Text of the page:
Stroke Care Management: Motivation and Engagement
Published: 22 November 2015
Published: 22 November 2015
Decreased participation and engagement during rehabilitation greatly influences the level of function gained, length of hospital stay, mood and discharge destination.
Motivation is the drive or reason that a patient has to participate in their rehabilitation. However, motivation levels can be negatively affected by apathy and depression, which are commonly seen in the stroke patient population. In literature and in clinical practice, the terms depression and apathy; are often used interchangeably. In psychiatric medicine, apathy is viewed as a symptom of depression. Neurologically, there are distinct differences between these two phenomena.
Depression is a mood disorder that causes a persistent feeling of sadness and loss of interest. Prevalence of depression post-stroke is 10 to 15%. Apathy is estimated to be present in 29.5 to 40.2% of post-stroke patients, almost three times higher than the rate of depression. Apathy is described as “reduced motivation to engage in activities or general lack of initiative”.
Damage to or reduced perfusion of the prefrontal cortex and basal ganglia is thought to be associated with depression and apathy. Prefrontal cortex damage is more likely to be found in patients experiencing depression and basal ganglia damage is more likely to be seen in patients with apathy. Apathy is seen to impact on functional recovery more often than depression.
There are some strategies and interventions that have been shown to help patients suffering from depression and apathy following a stroke.
Clinicians can influence motivation through their manner, the level of support they offer to the patient and the level of their involvement as perceived by the patient. Developing rapport with the patient and being genuine in any interaction underpins therapeutic connectivity.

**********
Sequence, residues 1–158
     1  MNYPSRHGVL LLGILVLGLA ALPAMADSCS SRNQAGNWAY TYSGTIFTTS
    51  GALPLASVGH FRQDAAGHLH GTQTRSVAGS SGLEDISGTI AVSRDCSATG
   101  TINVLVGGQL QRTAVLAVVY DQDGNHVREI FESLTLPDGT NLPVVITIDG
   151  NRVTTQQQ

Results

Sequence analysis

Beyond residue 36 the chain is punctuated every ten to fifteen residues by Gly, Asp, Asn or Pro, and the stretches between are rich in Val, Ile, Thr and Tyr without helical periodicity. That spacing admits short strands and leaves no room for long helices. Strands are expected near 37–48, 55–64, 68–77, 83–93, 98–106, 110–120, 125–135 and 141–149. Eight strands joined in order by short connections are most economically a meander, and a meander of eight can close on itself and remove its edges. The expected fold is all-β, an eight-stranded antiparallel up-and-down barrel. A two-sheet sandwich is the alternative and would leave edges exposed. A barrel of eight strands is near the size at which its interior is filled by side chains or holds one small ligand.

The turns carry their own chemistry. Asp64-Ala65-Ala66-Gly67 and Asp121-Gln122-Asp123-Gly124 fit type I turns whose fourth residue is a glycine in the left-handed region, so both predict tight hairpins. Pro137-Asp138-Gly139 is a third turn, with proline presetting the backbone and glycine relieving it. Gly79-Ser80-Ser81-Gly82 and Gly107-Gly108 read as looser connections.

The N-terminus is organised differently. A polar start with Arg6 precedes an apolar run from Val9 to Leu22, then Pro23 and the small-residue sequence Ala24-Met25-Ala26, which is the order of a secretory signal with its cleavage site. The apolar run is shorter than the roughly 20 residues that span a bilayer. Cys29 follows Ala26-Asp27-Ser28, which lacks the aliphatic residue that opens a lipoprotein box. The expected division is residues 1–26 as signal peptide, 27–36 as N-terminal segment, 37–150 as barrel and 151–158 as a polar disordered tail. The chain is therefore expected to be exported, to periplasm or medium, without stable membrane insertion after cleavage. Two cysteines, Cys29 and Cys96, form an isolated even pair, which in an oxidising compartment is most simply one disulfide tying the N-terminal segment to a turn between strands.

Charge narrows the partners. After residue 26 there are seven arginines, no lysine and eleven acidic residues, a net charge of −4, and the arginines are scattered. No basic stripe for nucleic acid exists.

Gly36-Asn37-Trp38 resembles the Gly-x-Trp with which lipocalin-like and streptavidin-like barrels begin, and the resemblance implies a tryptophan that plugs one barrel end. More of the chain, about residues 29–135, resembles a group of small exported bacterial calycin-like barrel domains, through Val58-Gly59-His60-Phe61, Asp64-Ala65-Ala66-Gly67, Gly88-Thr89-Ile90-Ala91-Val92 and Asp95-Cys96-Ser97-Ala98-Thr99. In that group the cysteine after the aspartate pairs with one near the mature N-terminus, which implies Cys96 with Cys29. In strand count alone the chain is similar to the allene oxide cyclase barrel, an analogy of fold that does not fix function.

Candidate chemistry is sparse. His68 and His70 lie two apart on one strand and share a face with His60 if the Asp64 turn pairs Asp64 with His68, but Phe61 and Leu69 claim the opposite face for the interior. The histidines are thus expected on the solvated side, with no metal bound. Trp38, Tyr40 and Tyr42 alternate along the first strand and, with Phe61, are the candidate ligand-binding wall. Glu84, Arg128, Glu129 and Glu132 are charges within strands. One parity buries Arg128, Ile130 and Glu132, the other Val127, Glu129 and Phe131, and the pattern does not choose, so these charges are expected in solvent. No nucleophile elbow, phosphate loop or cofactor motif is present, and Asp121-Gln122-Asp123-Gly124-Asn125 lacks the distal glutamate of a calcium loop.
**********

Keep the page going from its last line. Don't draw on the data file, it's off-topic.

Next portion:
Motivation is enhanced when there are clear goals that are personally relevant and developed with mutual understanding, negotiation and interaction. Goals and therapy need to be personalised, functional and meaningful. Patients are less motivated if tasks are not meaningful to them. Describing goals using the patient' language is as important as the development of the goal itself.
Collectively, study findings provide evidence that music engages and facilitates a wide range of cognitive functions. There is an indication that listening to music during neural recovery enhances focused attention and verbal memory. Results were better when music most relevant to the individual was utilised for at least 60 minutes per day.
Enhancing perception, attention, comprehension, learning, remembering, problem-solving and reasoning are the goals of cognitive stimulation. Providing opportunities for social interactions with others including family, friends and pets (and incorporating them in their rehabilitation plan) will stimulate cognitive processes.
Acknowledging the patient as a unique individual who is an expert on themselves underpins person-centredness. Providing choices through the provision of information and education may enable them to become more engaged and confident in decision-making processes.
Ascertaining the most likely cause for lack of motivation and disengagement in rehabilitation and recovery post-stroke should determine the path of the treatment plan and the adoption of the most effective interventions. Implementation of appropriate interventions decreases the risk of continued motivational impact on recovery post-stroke, optimises functional independence and improves the patient's quality of life post-discharge.